Take a Virtual Peek Inside the New Michigan Central Station

It captures the splendor while providing fascinating insight into the restoration process.
The interior ticket booth. // Photograph by Stephen McGee

Feeling antsy to see Michigan Central Station’s interior facelift before the open house June 7-16? You can — from the comfort of your own home — with this virtual tour, which includes 3D photography of the former train station’s updated Grand Hall, waiting room/restaurant, and concourse. While Hour Detroit is ready to marvel at the structure in-person, this virtual tour does justice in capturing the splendor, and provides fascinating insight into the restoration process.

Here are five details we enjoyed learning about while touring the station virtually:

Divots in the Marble Floor

The main hall’s restored marbled floor, originally from 1913, still has divots, created by a collective 75 years’ worth of passengers waiting for trains to arrive. The restoration team intentionally left the divots as “a way to preserve part of The Station’s past life and the footsteps of the many Detroiters who walked these floors before us.”

The Graffiti Hall

Graffiti is certainly part of the story at Michigan Central Station, which closed in 1988 — the walls were spray-painted over many times while it was abandoned. As part of the restoration, some of the original graffiti was examined by “international experts” and saved. You can take a look at it here and here.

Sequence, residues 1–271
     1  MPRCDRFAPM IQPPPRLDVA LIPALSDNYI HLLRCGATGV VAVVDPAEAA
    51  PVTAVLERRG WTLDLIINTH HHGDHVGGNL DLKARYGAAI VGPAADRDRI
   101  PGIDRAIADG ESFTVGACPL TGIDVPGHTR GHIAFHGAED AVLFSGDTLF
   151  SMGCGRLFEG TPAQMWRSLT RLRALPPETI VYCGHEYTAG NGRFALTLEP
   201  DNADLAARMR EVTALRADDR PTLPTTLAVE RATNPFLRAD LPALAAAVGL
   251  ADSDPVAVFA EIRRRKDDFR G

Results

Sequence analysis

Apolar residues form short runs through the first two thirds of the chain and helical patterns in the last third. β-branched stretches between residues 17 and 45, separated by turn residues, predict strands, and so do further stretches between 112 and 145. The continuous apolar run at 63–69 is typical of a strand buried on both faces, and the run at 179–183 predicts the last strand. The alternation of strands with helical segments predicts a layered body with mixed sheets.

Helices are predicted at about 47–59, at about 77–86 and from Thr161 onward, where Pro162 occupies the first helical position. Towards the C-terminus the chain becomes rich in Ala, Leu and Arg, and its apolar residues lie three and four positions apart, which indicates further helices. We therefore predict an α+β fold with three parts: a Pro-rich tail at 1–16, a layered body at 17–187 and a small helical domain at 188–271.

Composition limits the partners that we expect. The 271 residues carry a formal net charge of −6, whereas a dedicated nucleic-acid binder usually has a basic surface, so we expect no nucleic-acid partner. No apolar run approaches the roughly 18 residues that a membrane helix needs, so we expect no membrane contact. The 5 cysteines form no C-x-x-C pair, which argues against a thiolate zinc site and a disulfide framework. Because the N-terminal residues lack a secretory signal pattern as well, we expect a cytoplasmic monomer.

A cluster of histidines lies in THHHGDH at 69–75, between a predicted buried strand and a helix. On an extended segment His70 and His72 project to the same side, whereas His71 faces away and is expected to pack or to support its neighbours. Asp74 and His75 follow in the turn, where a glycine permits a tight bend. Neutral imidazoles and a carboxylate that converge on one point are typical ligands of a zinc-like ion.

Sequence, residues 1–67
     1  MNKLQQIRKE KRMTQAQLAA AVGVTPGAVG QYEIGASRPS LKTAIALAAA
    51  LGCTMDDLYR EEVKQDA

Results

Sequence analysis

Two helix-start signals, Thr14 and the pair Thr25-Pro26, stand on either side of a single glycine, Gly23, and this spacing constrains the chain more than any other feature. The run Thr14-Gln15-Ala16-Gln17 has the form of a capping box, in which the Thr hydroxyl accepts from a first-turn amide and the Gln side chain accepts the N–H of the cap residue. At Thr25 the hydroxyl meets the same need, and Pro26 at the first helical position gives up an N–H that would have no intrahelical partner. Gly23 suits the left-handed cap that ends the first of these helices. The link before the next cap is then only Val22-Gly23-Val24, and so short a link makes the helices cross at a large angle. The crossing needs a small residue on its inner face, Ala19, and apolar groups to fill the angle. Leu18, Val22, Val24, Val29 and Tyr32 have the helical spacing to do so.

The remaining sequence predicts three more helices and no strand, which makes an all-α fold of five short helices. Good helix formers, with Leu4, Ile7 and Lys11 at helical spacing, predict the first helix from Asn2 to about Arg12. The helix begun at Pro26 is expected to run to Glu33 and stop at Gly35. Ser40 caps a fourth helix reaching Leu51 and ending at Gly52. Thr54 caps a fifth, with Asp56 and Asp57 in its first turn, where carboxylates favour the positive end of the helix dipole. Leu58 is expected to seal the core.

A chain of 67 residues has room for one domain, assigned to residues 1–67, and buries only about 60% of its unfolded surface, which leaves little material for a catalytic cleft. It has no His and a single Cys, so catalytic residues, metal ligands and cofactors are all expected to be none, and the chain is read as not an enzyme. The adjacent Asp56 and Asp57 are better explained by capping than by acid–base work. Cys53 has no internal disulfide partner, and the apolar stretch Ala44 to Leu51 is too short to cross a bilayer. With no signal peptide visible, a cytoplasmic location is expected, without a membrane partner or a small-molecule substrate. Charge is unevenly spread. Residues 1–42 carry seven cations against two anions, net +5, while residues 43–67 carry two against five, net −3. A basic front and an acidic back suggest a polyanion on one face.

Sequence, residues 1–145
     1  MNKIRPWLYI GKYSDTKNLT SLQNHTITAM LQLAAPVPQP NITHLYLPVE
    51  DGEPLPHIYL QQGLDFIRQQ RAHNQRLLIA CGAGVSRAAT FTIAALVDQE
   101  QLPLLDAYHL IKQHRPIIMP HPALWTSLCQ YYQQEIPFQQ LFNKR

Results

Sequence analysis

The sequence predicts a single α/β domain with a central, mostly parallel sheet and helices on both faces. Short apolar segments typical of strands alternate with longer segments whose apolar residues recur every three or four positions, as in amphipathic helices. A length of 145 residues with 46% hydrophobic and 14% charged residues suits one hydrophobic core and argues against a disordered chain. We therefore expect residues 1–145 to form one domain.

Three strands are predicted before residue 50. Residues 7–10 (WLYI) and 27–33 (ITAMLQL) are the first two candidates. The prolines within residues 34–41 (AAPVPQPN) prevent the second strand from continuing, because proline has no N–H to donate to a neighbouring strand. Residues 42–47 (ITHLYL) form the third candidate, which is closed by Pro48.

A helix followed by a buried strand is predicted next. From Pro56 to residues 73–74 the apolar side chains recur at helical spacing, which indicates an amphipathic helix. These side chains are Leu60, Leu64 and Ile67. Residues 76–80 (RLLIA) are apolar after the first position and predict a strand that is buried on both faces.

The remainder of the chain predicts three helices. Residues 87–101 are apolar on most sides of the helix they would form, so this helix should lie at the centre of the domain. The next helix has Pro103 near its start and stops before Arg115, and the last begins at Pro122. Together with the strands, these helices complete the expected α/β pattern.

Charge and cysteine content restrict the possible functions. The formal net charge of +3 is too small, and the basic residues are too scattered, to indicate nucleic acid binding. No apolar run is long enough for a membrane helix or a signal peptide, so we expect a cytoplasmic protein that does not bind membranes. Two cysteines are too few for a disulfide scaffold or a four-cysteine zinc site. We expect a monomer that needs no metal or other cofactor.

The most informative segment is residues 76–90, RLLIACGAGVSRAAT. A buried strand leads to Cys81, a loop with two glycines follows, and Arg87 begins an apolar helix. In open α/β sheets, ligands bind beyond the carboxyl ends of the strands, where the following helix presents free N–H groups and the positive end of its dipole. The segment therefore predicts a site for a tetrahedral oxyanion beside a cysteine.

The Recreated Ram’s Heads

The Reading Room in Michigan Central Station’s restaurant/waiting room area features ram’s head trims. The originals were all missing by the time Ford Motor Co. purchased the building in 2008. The restoration team identified them through photographs, and tracked down a private collector who lent them a missing piece. From there, they 3D-printed a prototype to cast new ones in plaster.

The Plaster Medallions

The coffer medallions, 55 feet from the floor in the Grand Hall by the main entrance are plaster too — the restoration team recreated the missing ones this way in order to be faithful to the original design. They were originally painted to resemble stone — plaster was used as a lighter, cheaper alternative to the material.

 The Massive Chandeliers

By 2008, the original cast iron chandeliers in Michigan Central Station were all missing. The restoration team created new ones from the original construction drawings, combined with historical photos. Each weigh 2,700, and are equipped with modern, energy-efficient lighting (unlike the originals).

After the June 7-16 open house; the first floor will remain open for self-guided tours  from June 21 through the end of Aug. 31 Fridays 5 p.m. to 9 p.m. Fridays and Saturdays from 10 a.m. to 5 p.m. For more information, visit michigancentral.com/open